I mean, wasn’t it great? The camaraderie with the troops — working side-by-side to tackle issues like failing students, families in crisis, and new programs for success? The daily soldiering — lesson planning, writing exams, reading essays, and teaching grammar? The little skirmishes — with students, with parents, with colleagues? The victory parades — parent/teacher conferences, faculty parties, graduation?

Yes, it was great.

So what went wrong?  Why couldn’t I hang in there like some who have been marching for forty years or more? Why did I have to take my honorable discharge so early?

Perhaps because there is work for me in the reserves? Could I be as effective as a reservist as I was while on active duty?  Could I use the same skill set? Could I meet with a different population this way?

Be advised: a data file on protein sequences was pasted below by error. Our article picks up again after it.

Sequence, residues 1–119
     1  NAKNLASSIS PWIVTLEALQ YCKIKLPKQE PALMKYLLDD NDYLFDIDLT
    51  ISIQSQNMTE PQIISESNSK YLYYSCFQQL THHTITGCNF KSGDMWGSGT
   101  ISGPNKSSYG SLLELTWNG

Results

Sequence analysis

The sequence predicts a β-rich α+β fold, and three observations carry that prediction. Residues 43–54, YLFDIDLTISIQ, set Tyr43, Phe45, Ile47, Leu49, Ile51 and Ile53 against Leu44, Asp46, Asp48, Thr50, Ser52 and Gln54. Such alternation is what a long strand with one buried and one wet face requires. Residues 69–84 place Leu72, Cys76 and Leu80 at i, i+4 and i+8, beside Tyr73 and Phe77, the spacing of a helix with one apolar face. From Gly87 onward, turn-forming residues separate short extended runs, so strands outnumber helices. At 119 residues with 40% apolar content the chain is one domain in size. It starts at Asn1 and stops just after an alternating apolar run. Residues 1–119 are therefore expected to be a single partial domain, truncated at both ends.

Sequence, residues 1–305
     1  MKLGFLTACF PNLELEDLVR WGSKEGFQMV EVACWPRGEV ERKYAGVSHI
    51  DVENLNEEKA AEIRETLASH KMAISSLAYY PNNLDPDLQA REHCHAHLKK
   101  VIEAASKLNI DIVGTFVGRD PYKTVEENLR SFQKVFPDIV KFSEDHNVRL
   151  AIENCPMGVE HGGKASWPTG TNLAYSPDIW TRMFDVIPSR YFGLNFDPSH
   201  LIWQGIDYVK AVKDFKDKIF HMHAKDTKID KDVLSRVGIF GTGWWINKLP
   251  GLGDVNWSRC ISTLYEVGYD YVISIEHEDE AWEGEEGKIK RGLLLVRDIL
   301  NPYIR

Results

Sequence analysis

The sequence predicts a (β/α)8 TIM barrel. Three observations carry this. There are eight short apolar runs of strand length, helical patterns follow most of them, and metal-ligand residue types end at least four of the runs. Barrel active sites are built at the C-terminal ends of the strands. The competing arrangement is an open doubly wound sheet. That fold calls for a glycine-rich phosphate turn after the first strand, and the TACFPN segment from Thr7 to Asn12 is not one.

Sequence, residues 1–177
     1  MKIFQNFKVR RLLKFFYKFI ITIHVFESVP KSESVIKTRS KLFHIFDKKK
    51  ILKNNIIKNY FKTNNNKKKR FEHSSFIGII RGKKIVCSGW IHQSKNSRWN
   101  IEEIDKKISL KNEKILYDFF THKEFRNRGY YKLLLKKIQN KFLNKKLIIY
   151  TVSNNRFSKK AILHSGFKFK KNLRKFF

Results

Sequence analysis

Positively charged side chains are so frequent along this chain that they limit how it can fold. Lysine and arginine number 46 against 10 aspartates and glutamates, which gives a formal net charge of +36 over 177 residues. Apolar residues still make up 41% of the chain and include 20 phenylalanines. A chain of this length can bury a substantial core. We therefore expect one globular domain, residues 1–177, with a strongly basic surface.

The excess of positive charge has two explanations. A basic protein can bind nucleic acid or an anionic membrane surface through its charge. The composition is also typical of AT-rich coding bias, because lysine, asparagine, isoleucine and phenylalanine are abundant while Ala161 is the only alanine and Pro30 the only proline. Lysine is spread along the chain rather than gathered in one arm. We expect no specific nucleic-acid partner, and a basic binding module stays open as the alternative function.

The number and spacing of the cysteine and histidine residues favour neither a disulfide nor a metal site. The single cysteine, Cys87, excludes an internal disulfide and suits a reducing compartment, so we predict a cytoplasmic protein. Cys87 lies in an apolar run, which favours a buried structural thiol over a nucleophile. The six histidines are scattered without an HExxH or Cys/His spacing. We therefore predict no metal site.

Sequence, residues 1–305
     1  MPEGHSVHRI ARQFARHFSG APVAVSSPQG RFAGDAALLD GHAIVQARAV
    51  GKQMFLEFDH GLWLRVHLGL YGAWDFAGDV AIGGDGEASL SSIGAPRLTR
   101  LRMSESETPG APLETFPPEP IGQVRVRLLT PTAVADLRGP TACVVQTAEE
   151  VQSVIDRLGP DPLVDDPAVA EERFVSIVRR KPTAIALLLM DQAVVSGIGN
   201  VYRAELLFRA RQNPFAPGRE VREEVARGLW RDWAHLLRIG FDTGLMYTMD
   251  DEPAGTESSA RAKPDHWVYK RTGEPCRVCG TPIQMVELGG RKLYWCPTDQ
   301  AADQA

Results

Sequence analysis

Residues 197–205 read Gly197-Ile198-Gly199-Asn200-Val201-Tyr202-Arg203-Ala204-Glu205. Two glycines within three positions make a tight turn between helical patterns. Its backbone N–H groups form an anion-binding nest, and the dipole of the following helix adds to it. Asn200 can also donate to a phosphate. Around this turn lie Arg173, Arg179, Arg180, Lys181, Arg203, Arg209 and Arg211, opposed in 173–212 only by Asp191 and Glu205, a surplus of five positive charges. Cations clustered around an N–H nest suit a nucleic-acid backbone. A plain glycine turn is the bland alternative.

I mean, let’s be honest, I’m certainly not ready to retire. I have ideas, opinions, and strategies formulating in my mind all day long. Yet, it’s obvious that I can no longer sustain active duty.  A few hours of interaction with students and I am ready to put my feet up.  Sometimes I sit down at 3:00pm and don’t get up again for the rest of the evening.

Last Thursday as I lie on the bed at the physical therapy office, I heard the therapist say, “Your body is kind of twisted in on itself, as though you were holding yourself together so that you could move forward.”  I was silent as I thought about that for a moment. Actually, I keep thinking about that one sentence.

Perhaps the reason I couldn’t sustain forty years of teaching is because I exhausted myself in just ten years by simultaneously attempting to hold myself together while kicking butts and taking names. And don’t I feel foolish for attempting to do what has already been done? I could never hold myself together anyway. Nor did I have to.  I am, after all, being held together in the palm of His hand.

Silly me.  Let me get out that Sharpie.

Colossians 1:16-17

all things have been created through him and for him.17 He is before all things, and in him all things hold together.